Did you know that the American Valentine greeting card business was started by a woman in 1847? Not only that, but she ran her extremely profitable business out of her home and employed other women in assembly-line craftsmanship years before Henry Ford made the business model famous.
Esther Howland was a college-educated woman who also happened to be the daughter of a stationer and bookseller. The year she graduated from the Mount Holyoke Female Seminary in 1847, she received an English Valentine from one of her father’s associates. At this time, such cards were imported from Europe and very expensive. They would only be available for the wealthy elite. Yet, as she looked at this card, her entrepreneurial mind saw possibilities. Have you ever found something in a store with an outrageous price tag and thought, “I could make that for a fraction of the cost”? Well, Esther not only had that thought, but she created a business plan.
She asked her father to order lace paper, paper flowers, and other supplies from Europe, then she set about creating her own designs. When she had a dozen, she presented them to her brother who reluctantly agreed to take them with him on his next sales trip. She hoped to receive perhaps $200 worth of orders. She received $5,000!
She dedicated a room in her home as her manufacturing shop, recruited her friends to help, and got to work. She would create the patterns for each piece of the valentine, then pass them off to the other girls to duplicate. Each one would be in charge of a certain piece of the multi-layered card. By 1849, the assembly line had been perfected and her business was born. She began to advertise and eventually expanded into the Christmas and birthday card market as well. Her basic cards sold for five cents. Her more elaborate designs containing hidden doors, ribbon trimmings, and gilded lace would sell for as much as one dollar.
In 1870, she incorporated the New England Valentine Company, but she continued running the business out of her home until 1879 when she moved it into a factory. She even allowed customized verse. All of her cards included four lines of poetic verse. However, if you fell in love with a particular card design but didn’t care for the verse, you could purchase The New England Valentine Co.’s Valentine Verse Book and simply cut one you like better from the 131 available in the book and paste it over the verse that didn’t suit. Clever woman!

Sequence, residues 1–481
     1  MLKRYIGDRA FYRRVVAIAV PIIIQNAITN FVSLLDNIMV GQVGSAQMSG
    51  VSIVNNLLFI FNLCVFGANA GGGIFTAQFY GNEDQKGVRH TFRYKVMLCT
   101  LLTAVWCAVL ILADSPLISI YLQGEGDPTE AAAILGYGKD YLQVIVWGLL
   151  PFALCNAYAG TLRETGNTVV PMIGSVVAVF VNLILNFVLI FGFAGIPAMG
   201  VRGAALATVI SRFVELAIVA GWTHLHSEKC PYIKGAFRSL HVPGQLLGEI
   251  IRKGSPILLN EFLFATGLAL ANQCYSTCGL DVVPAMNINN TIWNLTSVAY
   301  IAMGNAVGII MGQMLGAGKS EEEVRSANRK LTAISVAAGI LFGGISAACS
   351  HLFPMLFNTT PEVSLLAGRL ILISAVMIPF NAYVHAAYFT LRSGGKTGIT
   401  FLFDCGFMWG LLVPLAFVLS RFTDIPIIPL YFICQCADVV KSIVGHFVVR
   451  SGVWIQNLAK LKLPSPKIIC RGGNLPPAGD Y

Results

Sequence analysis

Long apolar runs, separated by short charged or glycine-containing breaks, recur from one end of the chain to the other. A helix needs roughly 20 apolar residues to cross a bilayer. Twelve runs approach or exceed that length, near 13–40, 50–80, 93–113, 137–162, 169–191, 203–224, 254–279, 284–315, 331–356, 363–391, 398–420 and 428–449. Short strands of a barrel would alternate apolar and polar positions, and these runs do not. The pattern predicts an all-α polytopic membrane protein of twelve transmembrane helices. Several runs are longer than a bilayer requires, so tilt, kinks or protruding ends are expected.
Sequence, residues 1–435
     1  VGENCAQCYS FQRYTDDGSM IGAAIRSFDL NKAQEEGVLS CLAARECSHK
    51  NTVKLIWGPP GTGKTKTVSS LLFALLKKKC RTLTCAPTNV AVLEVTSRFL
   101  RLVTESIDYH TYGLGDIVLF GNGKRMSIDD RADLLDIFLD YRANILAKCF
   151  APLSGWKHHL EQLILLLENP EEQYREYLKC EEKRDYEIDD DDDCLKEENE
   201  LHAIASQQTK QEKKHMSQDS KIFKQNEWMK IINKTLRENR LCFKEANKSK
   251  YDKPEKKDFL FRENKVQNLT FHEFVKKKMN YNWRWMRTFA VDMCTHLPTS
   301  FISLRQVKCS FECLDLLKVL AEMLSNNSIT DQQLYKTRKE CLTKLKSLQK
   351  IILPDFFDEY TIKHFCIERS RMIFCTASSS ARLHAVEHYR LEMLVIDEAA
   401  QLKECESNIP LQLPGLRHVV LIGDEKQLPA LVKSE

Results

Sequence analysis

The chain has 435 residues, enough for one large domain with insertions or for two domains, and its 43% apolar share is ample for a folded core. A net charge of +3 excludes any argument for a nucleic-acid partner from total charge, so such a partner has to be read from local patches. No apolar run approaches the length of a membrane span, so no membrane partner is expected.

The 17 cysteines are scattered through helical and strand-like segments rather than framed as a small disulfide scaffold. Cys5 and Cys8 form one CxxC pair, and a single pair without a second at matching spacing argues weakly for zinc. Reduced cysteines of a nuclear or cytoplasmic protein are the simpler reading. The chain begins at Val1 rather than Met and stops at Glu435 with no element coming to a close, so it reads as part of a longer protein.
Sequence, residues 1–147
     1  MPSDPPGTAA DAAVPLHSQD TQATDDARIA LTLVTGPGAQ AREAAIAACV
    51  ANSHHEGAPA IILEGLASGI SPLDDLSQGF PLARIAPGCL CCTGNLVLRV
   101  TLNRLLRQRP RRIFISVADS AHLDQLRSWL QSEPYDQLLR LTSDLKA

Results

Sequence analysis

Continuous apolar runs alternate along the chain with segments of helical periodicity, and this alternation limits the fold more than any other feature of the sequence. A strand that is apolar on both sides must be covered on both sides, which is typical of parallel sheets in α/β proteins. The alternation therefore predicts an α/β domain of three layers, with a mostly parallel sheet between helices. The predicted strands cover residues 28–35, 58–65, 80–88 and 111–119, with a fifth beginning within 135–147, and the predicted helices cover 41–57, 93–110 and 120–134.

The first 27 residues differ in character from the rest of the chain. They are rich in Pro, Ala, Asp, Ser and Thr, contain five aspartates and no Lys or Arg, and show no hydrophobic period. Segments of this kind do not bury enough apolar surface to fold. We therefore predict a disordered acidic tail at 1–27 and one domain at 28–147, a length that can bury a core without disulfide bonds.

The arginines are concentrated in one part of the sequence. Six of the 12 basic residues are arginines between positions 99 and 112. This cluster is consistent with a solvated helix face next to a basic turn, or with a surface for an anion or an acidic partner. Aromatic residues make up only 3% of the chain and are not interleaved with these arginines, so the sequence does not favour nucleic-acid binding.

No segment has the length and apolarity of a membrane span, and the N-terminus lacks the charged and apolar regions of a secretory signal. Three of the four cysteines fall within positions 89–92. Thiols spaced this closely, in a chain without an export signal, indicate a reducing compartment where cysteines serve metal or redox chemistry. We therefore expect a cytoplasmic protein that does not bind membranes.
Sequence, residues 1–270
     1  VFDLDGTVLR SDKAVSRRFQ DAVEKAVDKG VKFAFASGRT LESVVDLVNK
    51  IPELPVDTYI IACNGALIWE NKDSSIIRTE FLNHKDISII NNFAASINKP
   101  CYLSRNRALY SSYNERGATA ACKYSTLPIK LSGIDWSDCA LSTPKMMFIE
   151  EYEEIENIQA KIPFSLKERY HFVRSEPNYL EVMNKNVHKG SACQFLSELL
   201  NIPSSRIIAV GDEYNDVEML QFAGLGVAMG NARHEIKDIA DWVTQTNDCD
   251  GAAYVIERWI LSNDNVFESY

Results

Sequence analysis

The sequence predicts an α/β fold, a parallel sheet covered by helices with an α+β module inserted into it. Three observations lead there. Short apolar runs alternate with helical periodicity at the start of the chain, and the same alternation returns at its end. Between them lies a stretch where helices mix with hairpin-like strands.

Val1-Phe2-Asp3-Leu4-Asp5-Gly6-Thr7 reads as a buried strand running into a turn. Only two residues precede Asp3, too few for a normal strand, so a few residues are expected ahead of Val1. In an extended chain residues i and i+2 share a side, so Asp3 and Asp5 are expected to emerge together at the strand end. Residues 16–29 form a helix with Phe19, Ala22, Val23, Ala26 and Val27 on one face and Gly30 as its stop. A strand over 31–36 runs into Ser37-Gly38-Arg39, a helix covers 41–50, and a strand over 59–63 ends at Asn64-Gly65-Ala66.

********** GIVEAWAY **********
In honor of Valentine’s Day and clever women who create romantic masterpieces, I’d like to invite you to a Facebook party and offer a chance to win one of three fantastic Valentine prizes.
Sixteen fabulous historical authors are coming together to celebrate romance on Feb 13-14. We’ll be chatting live with readers during this party, and I’d love to see you there. My time slot is
7:00 pm CST on Feb 14th.
Click here to join the party.
Not only are we chatting at the party, but from now until the end of the party, there is a HUGE giveaway going on.
One winner will receive a $100 Amazon Gift Card.
Another winner will receive a copy of each of the 16 highlighted books – all romantic reads fit for an extended Valentine escape.
And a final winner will receive this fun Jane Austen inspired book bag.
Click here to enter the giveaway.
Have you ever made a Valentine by hand?
What is the best Valentine’s gift you ever received?